Prosecuting Mali's Extremists

As complex conflict runs on, does International Criminal Court have a role to play?

Prosecuting Mali's Extremists

As complex conflict runs on, does International Criminal Court have a role to play?

Friday, 8 February, 2013

Marching into Timbuktu less than a fortnight after they launched operations in northern Mali, French troops were in jubilant mood. It did not take long for French foreign minister Laurent Fabius to tell the press that plans were afoot to start pulling the troops out by March.

Others are not so convinced that the conflict will be over so quickly, and fear that the insurgent groups that melted away from the towns as French and Malian troops advanced may just have gone into hiding. A contingent of African Union peacekeepers will replace the French, but West African leaders are aware that al-Qaeda-linked groups will not be easy to keep out of the region.

Enter the International Criminal Court, ICC, whose prosecutor Fatou Bensouda launched a formal investigation into the situation in Mali in January 16.

Armed Groups in Mali

While the conflict has been seen as Islamists vs Malian government, that is a great oversimplification. People in the northern desert region have felt neglected for decades. The most vocal separatists are the Tuareg, a nomadic group spread across the Sahara in Niger, Mali and Algeria. The Islamists have sought to capitalise on these grievances, although they have little in common other than a shared hostility to national governments.


Ansar al-Dine is a home-grown Islamic group that recruits mainly from the Tuareg. Led by Iyad ag-Ghali, from Mali, the group has been linked to al-Qaeda. Unlike the nationalist groups below, it rejects calls for a separate Tuareg state, and instead wants Islamic law to be imposed over the whole of Mali. Despite these differing aims, Ansar al-Dine tends to avoid conflict with the Tuareg separatists, because of their shared ethnic identity.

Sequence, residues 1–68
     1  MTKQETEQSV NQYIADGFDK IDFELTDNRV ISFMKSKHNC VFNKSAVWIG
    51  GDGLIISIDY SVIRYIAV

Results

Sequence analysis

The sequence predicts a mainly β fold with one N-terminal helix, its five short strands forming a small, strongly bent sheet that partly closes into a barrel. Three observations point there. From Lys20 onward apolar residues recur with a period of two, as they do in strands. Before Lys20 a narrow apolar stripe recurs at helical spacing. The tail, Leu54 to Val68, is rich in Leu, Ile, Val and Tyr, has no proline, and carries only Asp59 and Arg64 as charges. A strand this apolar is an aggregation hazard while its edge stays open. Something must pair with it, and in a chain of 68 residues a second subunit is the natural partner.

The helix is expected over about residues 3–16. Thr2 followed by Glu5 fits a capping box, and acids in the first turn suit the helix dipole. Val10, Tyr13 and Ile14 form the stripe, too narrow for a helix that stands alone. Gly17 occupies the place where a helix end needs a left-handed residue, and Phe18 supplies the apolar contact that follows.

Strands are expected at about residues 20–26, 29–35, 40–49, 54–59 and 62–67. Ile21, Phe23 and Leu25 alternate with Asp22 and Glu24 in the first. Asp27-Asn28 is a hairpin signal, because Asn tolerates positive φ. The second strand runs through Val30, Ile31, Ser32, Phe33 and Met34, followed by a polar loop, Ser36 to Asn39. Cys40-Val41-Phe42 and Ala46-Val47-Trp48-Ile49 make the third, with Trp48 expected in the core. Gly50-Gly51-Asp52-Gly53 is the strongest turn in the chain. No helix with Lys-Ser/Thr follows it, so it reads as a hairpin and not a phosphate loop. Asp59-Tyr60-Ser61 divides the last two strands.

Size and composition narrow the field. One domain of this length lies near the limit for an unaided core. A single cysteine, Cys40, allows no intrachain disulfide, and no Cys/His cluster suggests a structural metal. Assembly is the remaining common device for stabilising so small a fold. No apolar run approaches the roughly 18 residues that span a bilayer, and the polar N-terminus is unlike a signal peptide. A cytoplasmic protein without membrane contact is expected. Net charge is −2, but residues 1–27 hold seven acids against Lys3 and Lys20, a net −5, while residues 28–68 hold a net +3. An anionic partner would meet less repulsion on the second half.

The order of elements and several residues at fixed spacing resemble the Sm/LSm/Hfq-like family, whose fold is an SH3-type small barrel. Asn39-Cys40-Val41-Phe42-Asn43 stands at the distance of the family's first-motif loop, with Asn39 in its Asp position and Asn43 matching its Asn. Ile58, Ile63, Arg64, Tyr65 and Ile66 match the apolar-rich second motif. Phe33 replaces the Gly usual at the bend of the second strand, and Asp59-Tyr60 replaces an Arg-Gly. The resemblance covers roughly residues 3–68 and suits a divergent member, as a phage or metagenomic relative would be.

Al-Qaeda in the Islamic Maghreb (AQIM) is led by Algerian-born militant Abu Musab Abdel Wadoud. Many of its core members reportedly come from Algeria and Mauritania, but it has been attracting new recruits from the Tuaregs of northern Mali. Its exact aims remain unclear, beyond a desire to imposed a strict interpretation of Islam across the region.

The Movement for Unity and Jihad in West Africa is a splinter group of AQIM, founded in mid-2011. Although it shares many of its aims, the leaders of this new group are believed to have broken away because of Algerian dominance within AQIM. Its leadership structure is unclear.

Mokhtar Belmokhtar’s group, sometimes known as Al-Mulathameen (“the masked men”), is most famous for taking hundreds of hostages at a gas plant in Algeria in January 2013. Belmokhtar is a hardened jihadist, and most of his men are Algerian. It has been reported as operating in northern Mali.

Tuareg Nationalists

National Movement for the Liberation of Azawad, MNLA, first emerged on the scene at the end of 2011. It is believed to have been established by senior commanders in the Libyan army, who fled the country following the ousting of Muammar Gadaffi. The group’s leader, Bilal Ag Cherif, served in the Libyan army under colonel Gadaffi, but was originally born in northern Mali. The MNLA’s ranks were swollen when two pre-existing separatist movements – Northern-Mali Tuareg Movement and Azawad National Movement – joined.

National Front for the Liberation of Azawad, FNLA, is a smaller group with broadly similar aims to the MNLA. It was established in April last year, primarily to counter the religious fundamentalism that was starting to spread across the north of the country, but also with a strong separatist agenda. The FNLA is strongly opposed to the imposition of Sharia law.


A number of ethnic militia groups have established themselves in northern Mali to counter historical Tuareg dominance. Ganda Koy claims to represent the Songhai ethnic group, whilst Ganda Izo champions the cause of the Fulani. Some have suggested that the Malian government has used them to fight a proxy war against the Tuareg rebellion.